Andrew Wiggins: Why Is the College Decision Taking So Long?
Andrew Wiggins, the No. 1-ranked incoming freshman basketball player in the country, still hasn’t made his decision as to which college he will attend.
Although Wiggins has narrowed down his options (via 247sports.com, subscription required) to Kentucky, North Carolina, Kansas and Florida State, the basketball world is still left wondering what is taking him so long to decide.
Wiggins is the only player in ESPN’s Top 100 to not have already decided on a school. Five of the top 10 players have chosen Kentucky, and if Wiggins becomes a Wildcat, there will be talk of championships, undefeated seasons and one-and-done players.
In all likelihood, Wiggins will play one year in college and then enter the NBA draft. He averaged 23.4 points in his senior season at Huntington Prep (W.Va.), to go along with 11.1 rebounds and 2.6 blocks per game, and will look to make an immediate impact at whatever school he chooses to attend.
The 6’7” forward is just 18 years old, but he has the upside to become a dynamic franchise player for some lottery-bound NBA team in the 2014 draft.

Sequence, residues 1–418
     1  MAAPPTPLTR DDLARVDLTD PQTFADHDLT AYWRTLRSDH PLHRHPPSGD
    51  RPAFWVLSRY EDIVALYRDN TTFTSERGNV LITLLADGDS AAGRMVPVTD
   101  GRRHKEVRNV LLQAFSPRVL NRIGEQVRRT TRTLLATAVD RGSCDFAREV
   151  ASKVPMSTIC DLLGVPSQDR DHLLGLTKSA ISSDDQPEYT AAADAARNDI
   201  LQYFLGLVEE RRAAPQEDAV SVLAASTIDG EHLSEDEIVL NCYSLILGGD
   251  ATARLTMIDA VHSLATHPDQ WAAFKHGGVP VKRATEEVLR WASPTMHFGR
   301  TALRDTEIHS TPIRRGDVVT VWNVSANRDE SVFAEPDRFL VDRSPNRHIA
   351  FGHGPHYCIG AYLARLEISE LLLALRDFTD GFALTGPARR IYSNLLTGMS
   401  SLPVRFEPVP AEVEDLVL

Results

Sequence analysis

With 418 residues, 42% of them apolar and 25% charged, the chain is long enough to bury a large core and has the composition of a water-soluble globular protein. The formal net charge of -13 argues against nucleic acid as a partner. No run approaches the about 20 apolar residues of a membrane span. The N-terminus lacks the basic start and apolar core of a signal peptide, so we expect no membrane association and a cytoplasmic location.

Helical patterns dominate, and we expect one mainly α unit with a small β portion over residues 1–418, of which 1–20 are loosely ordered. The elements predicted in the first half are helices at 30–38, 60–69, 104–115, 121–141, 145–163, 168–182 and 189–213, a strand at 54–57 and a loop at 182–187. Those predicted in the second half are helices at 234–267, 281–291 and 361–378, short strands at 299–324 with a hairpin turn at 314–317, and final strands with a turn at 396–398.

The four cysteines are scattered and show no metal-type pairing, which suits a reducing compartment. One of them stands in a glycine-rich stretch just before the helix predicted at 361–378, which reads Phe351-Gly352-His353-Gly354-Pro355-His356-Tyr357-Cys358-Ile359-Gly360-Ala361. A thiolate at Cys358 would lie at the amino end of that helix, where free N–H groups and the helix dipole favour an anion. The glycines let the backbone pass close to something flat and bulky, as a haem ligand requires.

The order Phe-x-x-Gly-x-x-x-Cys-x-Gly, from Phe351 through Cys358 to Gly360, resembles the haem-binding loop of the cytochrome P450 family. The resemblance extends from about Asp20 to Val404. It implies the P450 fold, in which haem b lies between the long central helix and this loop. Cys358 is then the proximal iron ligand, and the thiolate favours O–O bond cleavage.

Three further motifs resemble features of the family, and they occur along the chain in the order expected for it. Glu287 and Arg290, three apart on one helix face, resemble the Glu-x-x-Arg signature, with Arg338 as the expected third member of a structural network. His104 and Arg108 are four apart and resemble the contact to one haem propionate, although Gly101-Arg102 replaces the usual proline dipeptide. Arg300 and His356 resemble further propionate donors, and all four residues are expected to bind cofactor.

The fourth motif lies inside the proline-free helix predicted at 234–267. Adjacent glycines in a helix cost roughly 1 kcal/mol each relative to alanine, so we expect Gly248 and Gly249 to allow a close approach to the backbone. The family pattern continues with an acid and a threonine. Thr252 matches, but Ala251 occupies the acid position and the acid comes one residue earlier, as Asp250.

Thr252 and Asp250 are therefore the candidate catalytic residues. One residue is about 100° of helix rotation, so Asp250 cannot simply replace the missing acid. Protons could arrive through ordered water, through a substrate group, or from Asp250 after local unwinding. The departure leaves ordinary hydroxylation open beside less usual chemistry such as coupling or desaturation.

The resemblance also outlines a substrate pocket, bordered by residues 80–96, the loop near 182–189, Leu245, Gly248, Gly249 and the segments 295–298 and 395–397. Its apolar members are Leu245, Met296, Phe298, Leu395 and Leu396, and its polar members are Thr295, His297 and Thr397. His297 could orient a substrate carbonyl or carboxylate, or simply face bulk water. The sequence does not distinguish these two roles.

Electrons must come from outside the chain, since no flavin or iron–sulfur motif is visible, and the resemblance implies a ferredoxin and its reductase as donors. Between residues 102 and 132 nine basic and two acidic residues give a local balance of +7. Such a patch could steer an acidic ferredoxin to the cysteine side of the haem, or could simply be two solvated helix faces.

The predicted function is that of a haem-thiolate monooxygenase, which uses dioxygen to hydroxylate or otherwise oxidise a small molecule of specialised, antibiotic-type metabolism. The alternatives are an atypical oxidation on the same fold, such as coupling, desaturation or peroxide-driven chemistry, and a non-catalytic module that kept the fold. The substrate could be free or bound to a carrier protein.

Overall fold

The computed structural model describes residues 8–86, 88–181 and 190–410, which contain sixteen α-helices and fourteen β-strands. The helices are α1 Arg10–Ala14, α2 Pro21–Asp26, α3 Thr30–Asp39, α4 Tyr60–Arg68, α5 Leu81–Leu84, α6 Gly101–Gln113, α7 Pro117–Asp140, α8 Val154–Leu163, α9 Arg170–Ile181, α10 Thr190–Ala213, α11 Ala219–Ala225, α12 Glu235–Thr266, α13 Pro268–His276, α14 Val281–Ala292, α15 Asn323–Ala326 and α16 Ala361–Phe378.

Which school will Wiggins choose?
If Wiggins chooses anywhere else but Kentucky, he will become the face of the school. Kentucky is a one-and-done factory—even freshman Nerlens Noel, who is recovering from a torn ACL, is projected to be a top-three pick—and Wiggins would likely be another name on a list that includes John Wall and Anthony Davis. If he chooses somewhere like UNC or FSU, he could make that team relevant in the NCAA tournament for the first time in a couple years.
Wiggins has shied away from the public eye during the course of his decision-making process, with his family being the only ones aware of where he stands at the moment. It’s only a matter of time before Wiggins makes some college team very happy and three others very upset.
He is really putting those four schools in tough positions, because they have to decide whether they are preparing for the upcoming season with or without him. Whichever team he does commit to will make him the centerpiece of its offense.
Until then, though, all we can do is watch and wait as one of the best high school players since LeBron James chooses the college that he will attend, if only for one year, before he likely jumps to the NBA.
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